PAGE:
Theophrastus wrote that the root of Oleander when mixed with wine makes the temper gentle and more cheerful. While Theophrastus never got the chance to read The Bitter Oleander, he surely would have had similar sentiments about what reading it could do for a person. The Bitter Oleander strives to provide readers with deep, image-driven work that will “open eyes to a world our habits and blindness ignore everyday.” This issue is a testament to that goal.
“A Storm Brewing” by Patty Dickson Pieczka is a meditative poem that does what The Bitter Oleander wants poetry to do: it asks the reader to look at what they tend to ignore, to make a connections with the world around them. The poem is rich with naturalistic imagery and maintains a steady, even pace:
Sun melts from trees as their cello
souls unfurl in long whole notes,
leaves smoky with dusk. If I could,
I’d soothe the wounds inside you:
old scars opening a thin crack
in the night, when quince petals
bleed to the ground and voices
of wind rise through thorns.
Those who love nature will find beauty in this poem. It is also a piece that asks you to do what it is does: meditate.
Nicole Bell’s short fiction piece “Shadow in the Dust” is a story of actualization. The protagonist, a girl named Cassie, is trying to survive a dust storm and an abusive home in the barren land of Kansas. The storm and land ultimately become a metaphor for her and her life-situation. The story begins with Cassie on her porch watching the dust storm creep closer and closer:
The once thick sea of grain was now the barren landscape that stretched for miles past the invisible boarders of Kansas . . . Her narrowed eyes were sharply focused then widened at the rising red mass that grew over the horizon as bits of fence post disappeared in its wake. Cassie felt she was watching thunder being born.
Cassie’s father blames Cassie for the storm and subsequently beats her for it. She decides not to stand for this any longer and leaves. “In front of her all Cassie saw was a land stripped, penetrated, and ripped apart. She has seen it break, but now, just as she imagined that she has willed the storm to stop, she began to see that she could change the fruitless soil.”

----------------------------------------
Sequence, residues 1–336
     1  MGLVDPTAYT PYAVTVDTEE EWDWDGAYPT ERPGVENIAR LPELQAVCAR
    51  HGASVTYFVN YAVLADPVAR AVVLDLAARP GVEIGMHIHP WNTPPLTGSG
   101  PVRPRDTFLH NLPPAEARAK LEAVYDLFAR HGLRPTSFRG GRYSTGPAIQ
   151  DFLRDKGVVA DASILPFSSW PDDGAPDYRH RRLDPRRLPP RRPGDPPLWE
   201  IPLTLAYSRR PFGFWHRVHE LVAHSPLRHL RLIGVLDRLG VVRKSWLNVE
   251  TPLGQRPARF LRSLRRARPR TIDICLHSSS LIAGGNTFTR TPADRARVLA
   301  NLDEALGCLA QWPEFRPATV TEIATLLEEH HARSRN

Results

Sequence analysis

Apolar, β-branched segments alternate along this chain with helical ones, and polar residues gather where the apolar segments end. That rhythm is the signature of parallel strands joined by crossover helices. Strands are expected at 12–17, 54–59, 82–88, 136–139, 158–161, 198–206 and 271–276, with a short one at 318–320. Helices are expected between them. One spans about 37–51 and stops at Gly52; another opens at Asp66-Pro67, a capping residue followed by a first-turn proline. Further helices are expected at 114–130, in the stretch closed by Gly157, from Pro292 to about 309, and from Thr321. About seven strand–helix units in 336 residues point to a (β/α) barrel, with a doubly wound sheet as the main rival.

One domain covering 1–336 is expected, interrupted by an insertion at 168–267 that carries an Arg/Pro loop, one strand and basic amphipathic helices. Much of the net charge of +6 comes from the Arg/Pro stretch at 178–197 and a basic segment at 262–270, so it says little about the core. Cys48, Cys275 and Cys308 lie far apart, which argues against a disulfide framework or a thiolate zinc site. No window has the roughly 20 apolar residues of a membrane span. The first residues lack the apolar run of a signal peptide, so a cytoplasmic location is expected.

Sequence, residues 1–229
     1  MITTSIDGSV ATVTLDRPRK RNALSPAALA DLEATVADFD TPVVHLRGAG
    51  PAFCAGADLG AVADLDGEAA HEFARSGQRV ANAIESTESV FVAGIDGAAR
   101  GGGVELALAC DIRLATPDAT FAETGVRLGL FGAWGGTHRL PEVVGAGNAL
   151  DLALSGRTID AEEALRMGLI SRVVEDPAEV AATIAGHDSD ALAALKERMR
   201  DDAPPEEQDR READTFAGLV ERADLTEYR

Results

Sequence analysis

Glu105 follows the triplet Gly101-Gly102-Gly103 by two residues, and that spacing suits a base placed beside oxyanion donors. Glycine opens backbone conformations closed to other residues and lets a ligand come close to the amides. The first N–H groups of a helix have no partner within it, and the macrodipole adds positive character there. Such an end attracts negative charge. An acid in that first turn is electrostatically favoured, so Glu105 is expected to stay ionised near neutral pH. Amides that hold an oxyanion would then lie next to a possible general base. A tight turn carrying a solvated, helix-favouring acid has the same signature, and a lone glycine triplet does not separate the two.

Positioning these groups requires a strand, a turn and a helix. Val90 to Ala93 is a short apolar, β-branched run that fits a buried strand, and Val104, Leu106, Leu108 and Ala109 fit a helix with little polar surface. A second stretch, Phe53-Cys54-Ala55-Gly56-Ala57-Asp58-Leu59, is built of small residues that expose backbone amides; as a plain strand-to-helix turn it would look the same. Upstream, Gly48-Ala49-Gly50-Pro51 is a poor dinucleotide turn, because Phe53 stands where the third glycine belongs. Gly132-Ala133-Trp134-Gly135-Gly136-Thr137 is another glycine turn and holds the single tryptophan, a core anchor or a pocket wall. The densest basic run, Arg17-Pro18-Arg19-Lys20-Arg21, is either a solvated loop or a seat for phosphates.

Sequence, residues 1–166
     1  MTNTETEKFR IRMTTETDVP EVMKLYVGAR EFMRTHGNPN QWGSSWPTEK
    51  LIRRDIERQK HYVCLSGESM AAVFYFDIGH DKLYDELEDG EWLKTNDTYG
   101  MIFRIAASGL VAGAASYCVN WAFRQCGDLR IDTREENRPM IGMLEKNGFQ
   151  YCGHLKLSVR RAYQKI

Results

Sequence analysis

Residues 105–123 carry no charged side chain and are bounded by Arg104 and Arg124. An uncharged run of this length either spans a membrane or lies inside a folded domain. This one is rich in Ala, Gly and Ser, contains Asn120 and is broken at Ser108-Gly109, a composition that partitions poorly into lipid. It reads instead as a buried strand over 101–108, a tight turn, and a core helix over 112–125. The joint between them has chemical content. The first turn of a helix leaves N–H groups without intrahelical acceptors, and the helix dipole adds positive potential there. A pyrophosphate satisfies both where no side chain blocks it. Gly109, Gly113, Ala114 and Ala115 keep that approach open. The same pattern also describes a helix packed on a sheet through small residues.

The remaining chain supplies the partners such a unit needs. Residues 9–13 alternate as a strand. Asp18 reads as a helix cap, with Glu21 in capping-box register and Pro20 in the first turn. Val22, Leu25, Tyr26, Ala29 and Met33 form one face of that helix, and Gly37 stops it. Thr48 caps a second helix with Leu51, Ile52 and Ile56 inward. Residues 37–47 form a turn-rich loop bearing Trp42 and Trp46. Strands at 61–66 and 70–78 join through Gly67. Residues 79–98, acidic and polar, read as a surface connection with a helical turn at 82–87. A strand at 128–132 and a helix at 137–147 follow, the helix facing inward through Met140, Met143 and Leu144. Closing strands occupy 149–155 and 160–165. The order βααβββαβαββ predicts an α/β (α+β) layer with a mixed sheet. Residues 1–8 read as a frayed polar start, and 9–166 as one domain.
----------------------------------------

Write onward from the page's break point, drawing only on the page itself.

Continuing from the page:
This issue contains a forty-page feature that highlights the life and work of Tótoddur Poulsen, weaving his experiences growing up on the Faroe Islands with his work, allowing the reader to see what influenced him and how it did so. Each poem takes the form of morsel of his life story, such as his poem “Super 8” which contains only 17 words and one image. While the feature itself is very interesting, it is a bit disappointing to see so much work from a single poet in a journal (regardless of how good he is).
“The Ascetic Attempts to Speak” by Paul Stubbs is an ekphrastic poem after Portrait of George Dyer Talking by Francis Bacon, 1966. This poem can be read with or without prior knowledge of the painting itself and also serves as a sort of history lesson. Dyer and Bacon were lovers and were both obsessive about their outward appearance, a sentiment which can be found embedded in this poem:
as, for you, all that exists is
perfection and your eternal
failed search for it
—So what have been the results
of such a painstaking wait?
the daily build-up of phlegm
beneath your tongue
The body of the poem is contorted much like the body in Bacon’s painting. The language expresses frustration and a longing that is unattainable:
While your tongue,
a syntactical stump,
it continues to de-alphabet the world and root you
always deeper into the mud of man’s mind; you, silent
passing again from atom to atom
in prayer . . .
Regardless of your familiarity with Bacon, Dyer, or the painting, this poem serves as a catalyst for exploration into their history and their story.
The Bitter Oleander has a great mission statement, and the editors made sure that this issue adhered to it. Each work opens the reader’s eyes in a new way and many have a calming meditative effect that can recharge your own creative battery.